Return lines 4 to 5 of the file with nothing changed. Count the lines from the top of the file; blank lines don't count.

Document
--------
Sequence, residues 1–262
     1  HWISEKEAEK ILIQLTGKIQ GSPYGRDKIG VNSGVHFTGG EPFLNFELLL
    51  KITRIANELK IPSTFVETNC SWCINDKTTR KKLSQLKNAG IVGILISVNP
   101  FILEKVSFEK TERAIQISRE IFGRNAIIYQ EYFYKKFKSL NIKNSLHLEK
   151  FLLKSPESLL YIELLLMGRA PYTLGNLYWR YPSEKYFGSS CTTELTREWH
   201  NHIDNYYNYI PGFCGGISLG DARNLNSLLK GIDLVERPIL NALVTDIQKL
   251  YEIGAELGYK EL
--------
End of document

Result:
   101  FILEKVSFEK TERAIQISRE IFGRNAIIYQ EYFYKKFKSL NIKNSLHLEK
   151  FLLKSPESLL YIELLLMGRA PYTLGNLYWR YPSEKYFGSS CTTELTREWH